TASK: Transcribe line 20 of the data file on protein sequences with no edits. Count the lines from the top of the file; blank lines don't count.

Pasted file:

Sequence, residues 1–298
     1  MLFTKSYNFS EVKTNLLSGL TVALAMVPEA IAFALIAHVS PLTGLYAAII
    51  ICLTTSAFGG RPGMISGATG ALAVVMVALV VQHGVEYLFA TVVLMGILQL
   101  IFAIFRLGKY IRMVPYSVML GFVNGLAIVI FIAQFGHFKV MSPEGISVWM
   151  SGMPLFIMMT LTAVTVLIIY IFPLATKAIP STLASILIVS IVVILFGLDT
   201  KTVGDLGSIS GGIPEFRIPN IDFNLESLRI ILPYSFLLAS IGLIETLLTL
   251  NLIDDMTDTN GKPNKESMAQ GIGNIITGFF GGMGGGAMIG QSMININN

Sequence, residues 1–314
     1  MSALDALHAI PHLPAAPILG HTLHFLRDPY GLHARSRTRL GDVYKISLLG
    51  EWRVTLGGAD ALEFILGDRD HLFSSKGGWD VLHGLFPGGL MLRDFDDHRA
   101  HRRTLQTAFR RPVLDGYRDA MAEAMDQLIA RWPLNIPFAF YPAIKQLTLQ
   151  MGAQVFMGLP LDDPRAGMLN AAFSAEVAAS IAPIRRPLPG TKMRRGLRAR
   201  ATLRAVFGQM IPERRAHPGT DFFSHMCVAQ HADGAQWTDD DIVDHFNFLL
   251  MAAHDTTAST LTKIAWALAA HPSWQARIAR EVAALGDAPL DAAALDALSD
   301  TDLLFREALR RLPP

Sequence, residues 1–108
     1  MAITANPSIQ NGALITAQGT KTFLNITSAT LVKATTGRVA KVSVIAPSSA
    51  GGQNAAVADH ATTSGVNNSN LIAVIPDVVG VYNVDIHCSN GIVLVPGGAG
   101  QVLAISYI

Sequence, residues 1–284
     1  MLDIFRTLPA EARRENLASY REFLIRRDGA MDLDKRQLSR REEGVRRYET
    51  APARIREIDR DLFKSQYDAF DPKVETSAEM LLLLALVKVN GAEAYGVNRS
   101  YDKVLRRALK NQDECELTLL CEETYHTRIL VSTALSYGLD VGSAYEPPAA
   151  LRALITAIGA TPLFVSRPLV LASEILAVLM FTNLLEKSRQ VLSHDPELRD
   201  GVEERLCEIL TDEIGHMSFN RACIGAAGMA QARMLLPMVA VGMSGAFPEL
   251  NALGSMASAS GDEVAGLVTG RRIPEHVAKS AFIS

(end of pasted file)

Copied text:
Sequence, residues 1–284